The January 2021 reading of the Producer Price Index (PPI) saw its largest monthly increase since early 2009. Producer prices represent the cost of goods or services that will ultimately be bought by consumers. So, it makes sense that we will be feeling those higher costs soon.
Most experts expect inflation to make a comeback at some point this year. In our 2021 Outlook, we note that:
…the impact of pandemic-induced stimulus and ongoing measures to alleviate the economic burdens on households…may cause inflation to rise in 2021.
After all, the government has already spent more than $3 trillion to battle the impact of COVID-19 on the economy. Much stronger than expected retail sales in January hint at the level of pent-up demand that could drive prices higher going forward.
For investors looking to insulate their portfolios from inflation risk, the key questions are:
When will inflation truly take hold?
How bad might it get?
The reality is that inflation is very difficult to predict. Remember all the stimulus during The Great Recession? Everyone expected inflation to make a strong comeback after that. But it never materialized.
Is this time different?
You can spend time debating that question. But we think time is better spent on the things you can control. The simple truth is that investors can be prepared for expected or unexpected inflation by simply committing to a diversified portfolio that includes a strategic allocation to alternative investments.
Stocks and bonds typically outpace inflation over the long term, but there have been short-term periods when this has not been the case. Alternatives have a low correlation to stocks and bonds, meaning that they do not move in the same way. If/when an inflation surprise unnerves the stock market or sends bond rates higher (and bond prices lower), this diversification will help your portfolio.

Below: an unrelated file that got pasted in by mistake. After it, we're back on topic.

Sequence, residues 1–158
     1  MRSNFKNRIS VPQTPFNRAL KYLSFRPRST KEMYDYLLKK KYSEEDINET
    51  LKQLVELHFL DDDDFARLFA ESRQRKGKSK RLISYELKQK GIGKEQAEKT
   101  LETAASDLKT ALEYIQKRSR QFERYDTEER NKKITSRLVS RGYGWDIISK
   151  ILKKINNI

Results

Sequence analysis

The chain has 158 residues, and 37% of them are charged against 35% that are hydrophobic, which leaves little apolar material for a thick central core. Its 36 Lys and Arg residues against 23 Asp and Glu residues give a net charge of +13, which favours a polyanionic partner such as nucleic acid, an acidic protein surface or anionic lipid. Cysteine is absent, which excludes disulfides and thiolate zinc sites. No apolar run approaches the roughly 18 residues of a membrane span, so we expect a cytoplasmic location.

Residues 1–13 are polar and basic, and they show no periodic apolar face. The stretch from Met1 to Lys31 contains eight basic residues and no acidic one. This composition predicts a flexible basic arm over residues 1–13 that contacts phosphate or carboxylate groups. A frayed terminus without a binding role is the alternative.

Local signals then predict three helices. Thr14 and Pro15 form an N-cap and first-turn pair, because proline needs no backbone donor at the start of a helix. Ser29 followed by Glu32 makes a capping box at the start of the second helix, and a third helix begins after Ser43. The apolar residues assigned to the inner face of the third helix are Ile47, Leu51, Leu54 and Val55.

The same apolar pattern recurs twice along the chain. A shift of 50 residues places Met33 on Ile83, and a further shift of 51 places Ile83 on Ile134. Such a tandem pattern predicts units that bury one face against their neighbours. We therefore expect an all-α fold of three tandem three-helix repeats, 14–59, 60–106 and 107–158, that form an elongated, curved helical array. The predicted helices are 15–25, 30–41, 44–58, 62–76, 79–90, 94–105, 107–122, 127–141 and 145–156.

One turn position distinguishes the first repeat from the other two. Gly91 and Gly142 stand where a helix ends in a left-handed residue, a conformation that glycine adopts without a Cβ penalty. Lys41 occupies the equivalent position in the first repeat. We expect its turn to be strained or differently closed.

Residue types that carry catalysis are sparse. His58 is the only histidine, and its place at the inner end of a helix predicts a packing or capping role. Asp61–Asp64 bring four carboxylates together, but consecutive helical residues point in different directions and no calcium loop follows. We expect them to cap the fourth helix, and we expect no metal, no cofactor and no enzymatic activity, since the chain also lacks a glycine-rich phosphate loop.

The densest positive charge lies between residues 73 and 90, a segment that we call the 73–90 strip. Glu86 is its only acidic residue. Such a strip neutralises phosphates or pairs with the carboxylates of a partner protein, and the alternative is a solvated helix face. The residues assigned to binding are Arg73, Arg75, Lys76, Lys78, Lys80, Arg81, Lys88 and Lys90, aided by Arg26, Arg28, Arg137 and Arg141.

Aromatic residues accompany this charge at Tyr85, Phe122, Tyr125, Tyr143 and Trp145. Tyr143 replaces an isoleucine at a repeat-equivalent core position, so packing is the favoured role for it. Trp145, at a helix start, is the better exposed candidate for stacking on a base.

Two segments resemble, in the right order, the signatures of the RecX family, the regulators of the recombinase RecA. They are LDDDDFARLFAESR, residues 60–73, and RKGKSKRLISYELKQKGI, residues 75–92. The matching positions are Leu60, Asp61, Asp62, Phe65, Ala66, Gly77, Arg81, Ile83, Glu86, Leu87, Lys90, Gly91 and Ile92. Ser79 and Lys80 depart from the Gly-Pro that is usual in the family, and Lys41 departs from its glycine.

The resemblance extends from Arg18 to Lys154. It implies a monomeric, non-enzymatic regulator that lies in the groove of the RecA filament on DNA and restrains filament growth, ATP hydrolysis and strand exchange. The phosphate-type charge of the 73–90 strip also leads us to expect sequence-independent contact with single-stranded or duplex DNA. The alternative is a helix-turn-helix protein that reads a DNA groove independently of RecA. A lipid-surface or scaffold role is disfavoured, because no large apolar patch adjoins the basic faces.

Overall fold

What Type of Alternatives?
Private real assets like real estate, infrastructure, farmland, and timberland generate strong returns when inflation is above the 2% target level cited by the Fed as a monitoring point. Research from Versus Capital shows that private real estate and timberland tend to do particularly well during higher inflationary periods. And data going back to the 1970s shows that private farmland generated an 11% average annual premium over the inflation rate from 1970 – 1979, which was a high-inflation period.
Inflation is likely to make a return. How strong it will be and when it will show up are more difficult questions. To prepare our clients for that potential risk, we rely on long-term strategic asset allocation tools, including an allocation to real assets.
Want to talk about whether your portfolio is positioned for a potential return of inflation? Let’s talk.